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Phil McKinney and Creating Killer Apps for Disabilities

apps for disabilities

Phil McKinney and Creating Killer Apps for Disabilities

Phil McKinney talks about “Creating Killer Apps”, more specifically, creating apps to help people with autism. His website crowdsources many different tech fields to be able to provide for people with autism. How else can developers help people, and what, besides touch screens are helping people with disabilities today.

 

Phil McKinney, once dubbed “chief seer” by the San Jose Mercury News, is the vice president and chief technology officer for Hewlett-Packard’s Personal Systems Group. He is a public speaker, extolling the virtues of creativity and innovation and its impact on business. In May of 2011, McKinney spoke to a group at Maker Faire in San Mateo, California. Maker Faire dubs itself as “the Greatest Show (and Tell) on Earth—a family-friendly festival of invention, creativity and resourcefulness, and a celebration of the Maker movement” (Makerfaire.com, 2012). The idea is that Makerfaire, and similar “faires” around the world bring together the most creative people to showcase not only physically constructed ideas, but technologically innovative possibilities. McKinney used this platform to call out innovative and technologically forward thinkers and technologists to use their skills to profit our society, more specifically, those who may be considered dis, or differently abled.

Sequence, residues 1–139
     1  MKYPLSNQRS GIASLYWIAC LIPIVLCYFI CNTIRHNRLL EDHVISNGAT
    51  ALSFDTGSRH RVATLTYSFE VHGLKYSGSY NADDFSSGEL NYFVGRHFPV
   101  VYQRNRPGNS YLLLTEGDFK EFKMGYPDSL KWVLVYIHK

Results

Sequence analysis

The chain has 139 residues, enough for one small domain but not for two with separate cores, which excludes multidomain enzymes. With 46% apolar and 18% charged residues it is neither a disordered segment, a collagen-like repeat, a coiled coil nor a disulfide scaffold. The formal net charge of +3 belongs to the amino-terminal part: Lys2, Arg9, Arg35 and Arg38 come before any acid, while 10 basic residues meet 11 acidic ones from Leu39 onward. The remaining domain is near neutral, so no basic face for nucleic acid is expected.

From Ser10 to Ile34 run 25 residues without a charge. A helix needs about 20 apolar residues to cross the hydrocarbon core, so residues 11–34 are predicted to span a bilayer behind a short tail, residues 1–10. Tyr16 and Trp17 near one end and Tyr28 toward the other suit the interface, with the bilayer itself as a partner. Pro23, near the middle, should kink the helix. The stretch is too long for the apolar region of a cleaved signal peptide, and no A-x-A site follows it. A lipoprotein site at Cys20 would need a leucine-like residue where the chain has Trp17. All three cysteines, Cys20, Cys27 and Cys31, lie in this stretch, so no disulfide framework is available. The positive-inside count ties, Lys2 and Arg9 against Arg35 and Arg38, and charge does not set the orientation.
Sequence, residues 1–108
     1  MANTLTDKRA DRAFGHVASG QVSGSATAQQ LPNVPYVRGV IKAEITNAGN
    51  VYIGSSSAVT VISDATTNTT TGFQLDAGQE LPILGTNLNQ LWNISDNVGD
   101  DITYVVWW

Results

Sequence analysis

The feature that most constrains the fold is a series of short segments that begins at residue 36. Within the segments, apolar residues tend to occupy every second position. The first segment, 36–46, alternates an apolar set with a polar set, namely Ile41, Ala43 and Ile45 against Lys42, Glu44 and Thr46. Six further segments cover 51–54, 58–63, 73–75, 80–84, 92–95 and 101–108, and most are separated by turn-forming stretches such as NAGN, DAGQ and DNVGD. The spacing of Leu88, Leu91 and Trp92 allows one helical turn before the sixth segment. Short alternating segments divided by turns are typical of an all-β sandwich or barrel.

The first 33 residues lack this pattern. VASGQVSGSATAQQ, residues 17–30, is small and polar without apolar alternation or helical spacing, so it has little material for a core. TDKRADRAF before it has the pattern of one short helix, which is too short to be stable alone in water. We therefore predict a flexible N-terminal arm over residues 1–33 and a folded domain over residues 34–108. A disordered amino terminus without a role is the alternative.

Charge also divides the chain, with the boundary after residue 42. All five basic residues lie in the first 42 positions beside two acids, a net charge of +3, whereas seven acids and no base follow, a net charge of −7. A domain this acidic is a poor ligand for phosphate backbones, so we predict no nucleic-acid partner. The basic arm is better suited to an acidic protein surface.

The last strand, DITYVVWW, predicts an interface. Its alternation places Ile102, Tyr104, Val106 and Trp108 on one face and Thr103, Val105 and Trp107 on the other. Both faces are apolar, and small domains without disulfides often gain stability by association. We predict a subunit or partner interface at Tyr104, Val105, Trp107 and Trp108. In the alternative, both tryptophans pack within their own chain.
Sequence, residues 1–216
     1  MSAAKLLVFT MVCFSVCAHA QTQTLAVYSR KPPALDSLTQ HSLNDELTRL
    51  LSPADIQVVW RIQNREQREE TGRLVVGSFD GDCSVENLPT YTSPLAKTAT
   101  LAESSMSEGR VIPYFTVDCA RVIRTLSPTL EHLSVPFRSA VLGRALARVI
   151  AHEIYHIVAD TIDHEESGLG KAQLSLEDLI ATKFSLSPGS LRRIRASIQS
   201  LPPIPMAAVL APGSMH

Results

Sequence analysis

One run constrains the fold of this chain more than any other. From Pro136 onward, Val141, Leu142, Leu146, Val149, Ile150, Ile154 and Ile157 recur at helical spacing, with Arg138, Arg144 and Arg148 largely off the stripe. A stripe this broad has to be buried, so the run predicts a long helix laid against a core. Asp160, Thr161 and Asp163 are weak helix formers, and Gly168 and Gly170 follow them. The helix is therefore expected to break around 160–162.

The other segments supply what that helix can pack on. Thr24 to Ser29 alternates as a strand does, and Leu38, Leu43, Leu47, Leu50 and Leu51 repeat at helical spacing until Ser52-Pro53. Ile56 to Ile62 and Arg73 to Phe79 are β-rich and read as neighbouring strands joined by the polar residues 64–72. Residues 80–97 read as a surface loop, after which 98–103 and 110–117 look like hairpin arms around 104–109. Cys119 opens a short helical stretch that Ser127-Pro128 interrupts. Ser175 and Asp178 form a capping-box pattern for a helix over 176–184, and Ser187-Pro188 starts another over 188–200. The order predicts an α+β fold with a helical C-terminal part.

After showing off the “new” HP Touchpad (it was not out at the time and has since floundered, been killed off, and renewed), he showed some simple apps running on WebOS and how they could really help people, even though they are the simplest form of applications. Finally, he showed off how the use of a tablet, and a touchscreen really seemed to have helped the life of an autistic teen. The teen’s mother explained how for most of his life, she never thought he would be able to form complete sentences or communicate properly. No therapy, or otherwise had really helped him. After he started using a tablet, it seemed that within “a matter of weeks” he had a “breakthrough” and was suddenly able to form coherent thoughts and tell his mother that he loved her. McKinney sees his project as being able to bring together the skilled people and the people who need their skills to develop applications to help people with autism and continue to make not only technological breakthroughs, but breakthroughs in the field of autism awareness and therapy. “Hacking Autism doesn’t seek to cure autism, but rather it aims to facilitate and accelerate technology-based ideas to help give those with autism a voice” (Hacking Autism).